The programmes included in the meta-analysis varied in their design and length, but all incorporated lower body plyometrics of some description (see box). A meta-analysis is useful in this respect because it eliminates some of the minor variables that can cause variability in results between different studies. This can help to paint a more accurate overall picture than when just one individual study is used.

The meta-study looked at studies that were varied in their approach, and used both experienced and inexperienced subjects from different sporting backgrounds such as track and field, volleyball, basketball, bodybuilding, rowing, swimming and football. Some of the major findings were as follows:

  • The greatest gains were found in athletes who were at international level (ie elite) rather than at regional or national level;
  • Men demonstrated greater gains than women;
  • The gains were similar for groups from different sporting backgrounds;
  • VJ height improvement was no greater when plyometrics were combined with different types of exercise compared with when plyometrics were used alone (eg combining resistance training with the plyometric programme didn’t yield greater gains).

Although the international athletes showed the greatest gains, all groups showed improvements, including beginners. Plyometric training improves both the elastic tendencies of the muscles and tendons involved in jumping, together with neurological response. It is not surprising therefore that more advanced athletes who have better coordination patterns to begin with improved more, but the study shows that there does not need to be a training base before starting a programme.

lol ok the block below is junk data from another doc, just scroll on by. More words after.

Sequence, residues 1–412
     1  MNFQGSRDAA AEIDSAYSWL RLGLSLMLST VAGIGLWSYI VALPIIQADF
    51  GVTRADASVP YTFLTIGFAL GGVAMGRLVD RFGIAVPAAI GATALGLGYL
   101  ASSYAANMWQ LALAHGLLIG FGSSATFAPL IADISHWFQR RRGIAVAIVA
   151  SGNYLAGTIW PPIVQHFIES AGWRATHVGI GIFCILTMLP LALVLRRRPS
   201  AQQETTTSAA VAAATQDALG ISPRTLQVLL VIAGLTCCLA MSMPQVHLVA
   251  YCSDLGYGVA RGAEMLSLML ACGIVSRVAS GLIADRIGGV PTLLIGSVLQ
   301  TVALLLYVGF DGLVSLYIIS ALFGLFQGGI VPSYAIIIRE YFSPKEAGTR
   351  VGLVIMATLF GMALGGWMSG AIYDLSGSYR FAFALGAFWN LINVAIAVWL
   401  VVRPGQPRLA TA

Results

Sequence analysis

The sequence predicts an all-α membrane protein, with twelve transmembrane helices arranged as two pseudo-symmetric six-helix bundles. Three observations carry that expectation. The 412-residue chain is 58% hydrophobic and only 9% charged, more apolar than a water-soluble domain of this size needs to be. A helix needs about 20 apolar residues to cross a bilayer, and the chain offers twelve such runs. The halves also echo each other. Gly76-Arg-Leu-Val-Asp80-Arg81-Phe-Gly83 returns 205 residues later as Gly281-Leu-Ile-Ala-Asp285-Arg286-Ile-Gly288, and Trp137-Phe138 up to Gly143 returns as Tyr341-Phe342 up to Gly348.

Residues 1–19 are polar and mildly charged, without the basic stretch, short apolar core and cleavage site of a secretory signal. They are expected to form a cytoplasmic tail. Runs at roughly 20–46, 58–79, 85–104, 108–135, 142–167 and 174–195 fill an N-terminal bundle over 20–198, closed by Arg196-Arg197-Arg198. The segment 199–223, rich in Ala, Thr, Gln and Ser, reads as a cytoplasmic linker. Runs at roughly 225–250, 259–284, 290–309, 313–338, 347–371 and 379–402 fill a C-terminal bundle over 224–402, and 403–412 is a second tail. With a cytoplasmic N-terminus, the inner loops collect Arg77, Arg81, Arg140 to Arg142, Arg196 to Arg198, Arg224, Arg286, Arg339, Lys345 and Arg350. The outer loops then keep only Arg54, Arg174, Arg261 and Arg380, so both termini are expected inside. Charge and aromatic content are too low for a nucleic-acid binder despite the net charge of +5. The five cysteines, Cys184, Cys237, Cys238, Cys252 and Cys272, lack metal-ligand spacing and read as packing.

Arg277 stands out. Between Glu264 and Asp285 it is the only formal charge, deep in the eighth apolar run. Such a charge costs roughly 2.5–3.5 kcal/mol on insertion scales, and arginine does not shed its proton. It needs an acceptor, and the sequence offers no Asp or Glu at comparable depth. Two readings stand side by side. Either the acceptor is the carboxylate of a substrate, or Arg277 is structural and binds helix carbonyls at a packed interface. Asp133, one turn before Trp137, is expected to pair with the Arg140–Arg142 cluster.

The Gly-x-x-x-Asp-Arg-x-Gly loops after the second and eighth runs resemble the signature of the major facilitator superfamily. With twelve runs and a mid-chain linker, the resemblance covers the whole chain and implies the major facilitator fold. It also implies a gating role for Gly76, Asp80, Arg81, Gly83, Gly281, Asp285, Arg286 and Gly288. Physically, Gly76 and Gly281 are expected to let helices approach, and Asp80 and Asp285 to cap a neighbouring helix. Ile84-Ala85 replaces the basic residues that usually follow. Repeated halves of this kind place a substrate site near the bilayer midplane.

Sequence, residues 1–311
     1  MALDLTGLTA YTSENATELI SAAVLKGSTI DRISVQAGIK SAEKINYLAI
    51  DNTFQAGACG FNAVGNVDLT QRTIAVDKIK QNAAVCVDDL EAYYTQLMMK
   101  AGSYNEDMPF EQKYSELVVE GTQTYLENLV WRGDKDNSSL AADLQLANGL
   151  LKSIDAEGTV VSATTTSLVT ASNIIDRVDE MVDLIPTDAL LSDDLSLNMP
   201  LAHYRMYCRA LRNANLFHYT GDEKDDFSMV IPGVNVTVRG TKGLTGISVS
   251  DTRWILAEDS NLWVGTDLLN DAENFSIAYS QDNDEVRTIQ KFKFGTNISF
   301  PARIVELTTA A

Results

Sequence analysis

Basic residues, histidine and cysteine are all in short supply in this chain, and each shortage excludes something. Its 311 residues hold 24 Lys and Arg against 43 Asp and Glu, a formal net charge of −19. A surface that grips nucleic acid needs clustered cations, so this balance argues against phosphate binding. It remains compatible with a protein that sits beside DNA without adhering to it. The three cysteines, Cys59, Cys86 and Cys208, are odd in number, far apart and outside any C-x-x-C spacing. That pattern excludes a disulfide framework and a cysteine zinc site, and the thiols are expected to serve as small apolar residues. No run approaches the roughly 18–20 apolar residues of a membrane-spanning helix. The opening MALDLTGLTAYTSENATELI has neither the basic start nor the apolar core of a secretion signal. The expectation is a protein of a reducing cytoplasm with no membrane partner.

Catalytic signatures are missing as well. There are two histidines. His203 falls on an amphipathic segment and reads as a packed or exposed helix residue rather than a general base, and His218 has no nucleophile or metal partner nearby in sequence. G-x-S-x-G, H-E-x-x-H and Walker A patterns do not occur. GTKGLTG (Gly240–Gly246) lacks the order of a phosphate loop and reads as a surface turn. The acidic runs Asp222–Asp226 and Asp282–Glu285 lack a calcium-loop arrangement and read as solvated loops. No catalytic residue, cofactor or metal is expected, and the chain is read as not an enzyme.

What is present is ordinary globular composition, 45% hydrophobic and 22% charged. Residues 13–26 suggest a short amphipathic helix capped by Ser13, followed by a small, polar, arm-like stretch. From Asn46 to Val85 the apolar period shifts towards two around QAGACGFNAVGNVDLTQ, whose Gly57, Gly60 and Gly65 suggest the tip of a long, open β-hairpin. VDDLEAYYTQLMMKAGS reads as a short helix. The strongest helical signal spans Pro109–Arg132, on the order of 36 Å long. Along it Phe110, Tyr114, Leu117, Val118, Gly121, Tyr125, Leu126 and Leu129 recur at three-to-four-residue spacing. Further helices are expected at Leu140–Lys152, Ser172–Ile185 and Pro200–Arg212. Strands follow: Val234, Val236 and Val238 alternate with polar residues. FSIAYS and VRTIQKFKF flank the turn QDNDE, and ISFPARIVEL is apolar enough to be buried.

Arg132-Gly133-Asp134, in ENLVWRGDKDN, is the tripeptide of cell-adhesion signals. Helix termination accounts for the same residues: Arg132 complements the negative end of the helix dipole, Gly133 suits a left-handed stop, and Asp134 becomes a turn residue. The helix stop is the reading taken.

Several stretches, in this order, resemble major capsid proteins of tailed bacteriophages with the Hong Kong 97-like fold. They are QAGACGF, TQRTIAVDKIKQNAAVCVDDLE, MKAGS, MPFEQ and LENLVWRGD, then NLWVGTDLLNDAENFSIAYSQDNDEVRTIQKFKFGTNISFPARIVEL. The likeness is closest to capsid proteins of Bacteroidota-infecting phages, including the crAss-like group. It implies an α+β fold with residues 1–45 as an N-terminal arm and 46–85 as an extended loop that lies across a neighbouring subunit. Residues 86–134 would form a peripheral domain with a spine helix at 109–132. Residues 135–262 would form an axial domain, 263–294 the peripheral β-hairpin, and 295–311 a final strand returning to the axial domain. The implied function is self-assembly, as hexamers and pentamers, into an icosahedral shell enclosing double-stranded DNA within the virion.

When looking at what type of training was done, many of the individual studies did not detail the jumping and landing technique used, so it is not known how much of a factor the technical and coaching aspects were. The variety of jumps incorporated did make a difference, with a combination of squat jumps, depth jumps and countermovement jumps proving most beneficial.

The depth jump height did not appear to be a factor in how effective the depth jump was, and the authors recommended a maximum height of 20cm to jump from; the reduced intensity of a modest jump height allows more repetitions to be performed with reduced risk of injury and a potentially greater neurological response. Some programmes used ‘weighted jumps’ (wearing a weighted vest or holding dumbbells) but they did not appear to add any extra benefit to the programme.

Although some shorter-term studies did show improvements, overall it was the duration and volume of work that seemed to improve jump height the most. A programme lasting 10 weeks minimum, with two sessions a week and 50 jumps a session was recommended. It’s worth adding that if you’re conducting a session, 50 repetitions don’t last long, so this can easily be incorporated into a field or technical session. However, if you’re doing a line out session in rugby or another sport drill that requires jumping, this may already include repeated jumps, so you need to take this into account.

References
1. Zatiorsky, VM, Science and Practice of Strength Training, Champaign, Il: Human Kinetics. 1995
2. JSCR 23 (2), p 495-506 2009